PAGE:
In the United States, the most-often prescribed psychiatric medication is Xanax (alprazolam). When taken according to medical advice, Xanax can be safe and effective in treating conditions like panic disorder and anxiety. Xanax increases the amount of GABA (a neurotransmitter) in the brain to induce a feeling of calmness and relaxation.
What is Xanax?
Xanax is a Schedule-IV medication and a member of the benzodiazepine family of drugs. In October 1981, Xanax was approved by the FDA. Other medications in this category include clonazepam (Klonopin), diazepam (Valium), flurazepam (Dalmane), and lorazepam (Ativan).
In addition to regular Xanax tablets, the medication is available as an extended-release tablet, a melt-in-your-mouth tablet, and a concentrated liquid to be taken by mouth.
Four doses of Xanax tablets are available and can be identified as follows:
- 0.25 mg. tablet (white, scored, oval-shaped), inscribed with “XANAX 0.25”
- 0.5 mg. tablet (peach, scored, oval-shaped), inscribed with “XANAX 0.5”
- 1 mg. tablet (blue,, scored, oval-shaped) Inscribed with “XANAX 1.0”
- 2 mg. tablet (white, multi-scored, oblong-shaped) Inscribed with “XANAX” on one side, “2” on the other side
Uses for Xanax
According to the National Institute of Health (NIH), Xanax can help quiet abnormal excitement in the brain. It is often prescribed to control short-term anxiety that may be situational related, but is often used to control chronic anxiety disorder.
In addition to anxiety and panic attack, the NIH approves Xanax for treatment of premenstrual syndrome, depression, and Agoraphobia (fear of entering open or crowded places). Agoraphobia can be accompanied by panic attacks, but both conditions can occur independently. Xanax has also been used in the treatment of cancer and epilepsy.
Tell your medical care provider of all medications you are taking before beginning Xanax use (including over-the-counter medications). Inform your doctor of any level of alcohol consumption, and be aware that it is contraindicated to consume alcohol while taking benzodiazepine drugs. If you are pregnant or planning a pregnancy, inform your doctor before taking Xanax. Inform your doctor if you are breast feeding.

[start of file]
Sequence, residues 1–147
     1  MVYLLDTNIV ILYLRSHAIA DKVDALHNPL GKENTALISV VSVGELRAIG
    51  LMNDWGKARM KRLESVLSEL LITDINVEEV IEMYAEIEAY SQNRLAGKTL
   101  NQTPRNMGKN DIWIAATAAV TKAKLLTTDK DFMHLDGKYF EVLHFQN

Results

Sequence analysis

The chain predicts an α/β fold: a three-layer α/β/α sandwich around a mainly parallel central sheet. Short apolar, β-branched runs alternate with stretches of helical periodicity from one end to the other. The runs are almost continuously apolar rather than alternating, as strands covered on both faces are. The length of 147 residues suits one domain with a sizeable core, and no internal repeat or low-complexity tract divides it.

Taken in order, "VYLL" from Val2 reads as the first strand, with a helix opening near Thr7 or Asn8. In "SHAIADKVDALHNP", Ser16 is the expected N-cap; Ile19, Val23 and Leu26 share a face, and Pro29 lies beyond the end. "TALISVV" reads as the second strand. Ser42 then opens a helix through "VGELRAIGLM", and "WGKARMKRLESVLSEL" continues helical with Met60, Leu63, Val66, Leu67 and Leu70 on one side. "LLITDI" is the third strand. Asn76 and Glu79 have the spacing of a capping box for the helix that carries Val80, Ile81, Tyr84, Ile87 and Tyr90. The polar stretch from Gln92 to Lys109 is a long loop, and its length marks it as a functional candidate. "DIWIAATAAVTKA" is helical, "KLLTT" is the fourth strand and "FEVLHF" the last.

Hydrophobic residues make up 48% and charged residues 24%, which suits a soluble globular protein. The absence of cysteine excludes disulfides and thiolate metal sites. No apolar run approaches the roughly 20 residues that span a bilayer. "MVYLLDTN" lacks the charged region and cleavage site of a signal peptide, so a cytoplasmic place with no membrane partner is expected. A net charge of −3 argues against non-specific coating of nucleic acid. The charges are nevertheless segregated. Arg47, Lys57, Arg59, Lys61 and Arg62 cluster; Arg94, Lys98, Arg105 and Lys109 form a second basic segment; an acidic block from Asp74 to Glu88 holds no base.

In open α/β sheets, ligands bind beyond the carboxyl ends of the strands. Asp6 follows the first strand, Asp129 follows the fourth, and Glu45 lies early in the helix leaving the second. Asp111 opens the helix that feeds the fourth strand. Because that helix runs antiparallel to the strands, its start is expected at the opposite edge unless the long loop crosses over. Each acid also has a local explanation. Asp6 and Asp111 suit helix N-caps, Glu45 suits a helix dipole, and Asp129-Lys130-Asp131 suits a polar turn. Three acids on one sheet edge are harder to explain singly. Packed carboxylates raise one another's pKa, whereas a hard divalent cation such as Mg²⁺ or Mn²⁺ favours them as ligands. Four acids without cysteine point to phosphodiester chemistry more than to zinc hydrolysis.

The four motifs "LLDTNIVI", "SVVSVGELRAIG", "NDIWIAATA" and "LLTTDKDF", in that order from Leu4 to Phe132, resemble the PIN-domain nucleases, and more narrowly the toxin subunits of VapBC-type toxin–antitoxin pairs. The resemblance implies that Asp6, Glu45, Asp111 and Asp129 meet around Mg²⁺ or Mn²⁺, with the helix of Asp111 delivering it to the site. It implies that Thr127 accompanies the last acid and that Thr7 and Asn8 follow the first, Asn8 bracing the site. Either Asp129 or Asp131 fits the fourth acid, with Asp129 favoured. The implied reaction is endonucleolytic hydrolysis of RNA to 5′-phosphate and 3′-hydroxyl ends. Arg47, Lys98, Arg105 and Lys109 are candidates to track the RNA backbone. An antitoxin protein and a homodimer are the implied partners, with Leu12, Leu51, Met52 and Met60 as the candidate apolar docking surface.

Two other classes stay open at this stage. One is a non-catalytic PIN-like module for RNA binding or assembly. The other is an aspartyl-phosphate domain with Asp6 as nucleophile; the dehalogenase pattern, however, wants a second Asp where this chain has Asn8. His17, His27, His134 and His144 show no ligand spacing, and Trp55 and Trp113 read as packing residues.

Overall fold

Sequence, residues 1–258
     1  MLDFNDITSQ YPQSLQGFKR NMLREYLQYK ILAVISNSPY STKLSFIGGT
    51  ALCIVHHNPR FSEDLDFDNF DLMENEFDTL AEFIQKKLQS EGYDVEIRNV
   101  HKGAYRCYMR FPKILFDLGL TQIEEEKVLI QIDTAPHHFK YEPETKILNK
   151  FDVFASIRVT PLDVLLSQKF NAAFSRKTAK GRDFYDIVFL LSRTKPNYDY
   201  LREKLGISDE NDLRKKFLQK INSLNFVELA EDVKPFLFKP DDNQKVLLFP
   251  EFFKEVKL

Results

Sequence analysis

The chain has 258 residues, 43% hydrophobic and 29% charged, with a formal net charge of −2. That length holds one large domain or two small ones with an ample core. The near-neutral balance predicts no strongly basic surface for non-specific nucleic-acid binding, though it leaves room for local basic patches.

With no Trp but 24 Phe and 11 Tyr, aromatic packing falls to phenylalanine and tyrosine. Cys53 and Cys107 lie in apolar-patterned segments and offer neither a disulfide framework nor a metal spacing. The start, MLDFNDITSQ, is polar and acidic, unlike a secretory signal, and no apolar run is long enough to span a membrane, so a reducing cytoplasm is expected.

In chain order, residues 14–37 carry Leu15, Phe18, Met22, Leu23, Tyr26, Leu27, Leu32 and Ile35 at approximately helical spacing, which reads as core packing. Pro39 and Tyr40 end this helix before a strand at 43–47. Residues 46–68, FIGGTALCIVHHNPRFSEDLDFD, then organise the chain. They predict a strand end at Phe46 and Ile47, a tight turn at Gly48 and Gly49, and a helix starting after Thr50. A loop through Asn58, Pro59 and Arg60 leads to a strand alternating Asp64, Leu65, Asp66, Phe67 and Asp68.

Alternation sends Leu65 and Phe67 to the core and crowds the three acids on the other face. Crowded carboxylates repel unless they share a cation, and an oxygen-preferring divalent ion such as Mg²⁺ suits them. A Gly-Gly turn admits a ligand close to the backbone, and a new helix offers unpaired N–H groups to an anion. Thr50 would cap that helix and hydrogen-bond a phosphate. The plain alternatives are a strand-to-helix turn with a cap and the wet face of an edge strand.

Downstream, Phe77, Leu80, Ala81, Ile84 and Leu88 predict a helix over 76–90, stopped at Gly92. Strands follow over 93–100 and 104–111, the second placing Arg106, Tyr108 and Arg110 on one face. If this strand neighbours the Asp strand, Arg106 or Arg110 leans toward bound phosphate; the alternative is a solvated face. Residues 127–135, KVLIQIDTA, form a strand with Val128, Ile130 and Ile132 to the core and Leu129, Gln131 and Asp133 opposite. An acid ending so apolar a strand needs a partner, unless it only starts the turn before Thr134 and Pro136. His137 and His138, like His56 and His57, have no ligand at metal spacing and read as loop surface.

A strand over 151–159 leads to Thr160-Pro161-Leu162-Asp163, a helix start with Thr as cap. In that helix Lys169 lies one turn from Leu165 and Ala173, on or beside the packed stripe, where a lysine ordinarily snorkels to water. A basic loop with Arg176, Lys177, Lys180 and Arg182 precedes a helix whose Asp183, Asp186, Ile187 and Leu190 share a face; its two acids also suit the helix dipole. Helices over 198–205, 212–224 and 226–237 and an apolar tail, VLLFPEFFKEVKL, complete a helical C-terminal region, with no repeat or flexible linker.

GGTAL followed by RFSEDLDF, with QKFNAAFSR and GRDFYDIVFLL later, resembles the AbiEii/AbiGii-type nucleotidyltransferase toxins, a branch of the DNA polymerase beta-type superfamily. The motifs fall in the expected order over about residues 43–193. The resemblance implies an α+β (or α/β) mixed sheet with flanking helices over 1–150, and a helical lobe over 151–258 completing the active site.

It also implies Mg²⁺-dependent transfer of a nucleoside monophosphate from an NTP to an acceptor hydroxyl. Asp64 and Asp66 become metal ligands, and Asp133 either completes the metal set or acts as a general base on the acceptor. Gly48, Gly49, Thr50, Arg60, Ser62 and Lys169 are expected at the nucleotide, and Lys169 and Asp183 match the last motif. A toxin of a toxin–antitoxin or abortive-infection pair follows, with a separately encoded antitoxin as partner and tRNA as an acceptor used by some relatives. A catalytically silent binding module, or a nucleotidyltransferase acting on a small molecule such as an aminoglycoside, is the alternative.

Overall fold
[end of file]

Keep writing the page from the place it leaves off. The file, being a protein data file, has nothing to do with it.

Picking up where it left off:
Do not make changes to your Xanax dosage without consulting your doctor. Increasing the dosage of Xanax arbitrarily may increase your likelihood of developing a drug dependency or overdosing. Talk to your doctor before discontinuing the medication to avoid withdrawal symptoms by planning a slow, tapered withdrawal. The dosage generally should not be decreased by more than 0.5 mg. at three-day intervals.
Some symptoms of withdrawal that have been reported are:
- Fatigue, Headache, Blurred vision
- Sleep disturbances
- Anxiety, Depression
- Abnormal erratic movements
- Headache, nausea, vomiting
- Excess sweating, diarrhea, weight loss
- Decreased salivation/decreased appetite
- Irritability, Confusion
- Impaired coordination, poor muscle tone
Overdosing with Xanax can lead to impaired coordination, confusion, tiredness, subdued reflexes, comatose state, and death. Take Xanax only according to medical advice under the close supervision of a qualified healthcare professional.
Medicare Coverage of Xanax
On January 1, 2013, it became required for Medicare Part D prescription plans to cover alprazolam for patients with cancer, epilepsy, or chronic mental health conditions.
Coverage for Xanax depends on what type of Medicare benefits you have. Currently, 95% of patients with Medicare Advantage Plans or Medicare Part D prescription drug coverage will find that Xanax or its generic form (alprazolam) is a covered benefit.
Medicare Advantage Plans that include coverage of prescription medications are called Medicare Advantage with prescription drug coverage (MA-PD). About 88% of Medicare recipients have MA-PD coverage. To find out if your Medicare Advantage Plan or your Medicare Part D prescription drug coverage includes Xanax, check the formulary (list of covered medications).
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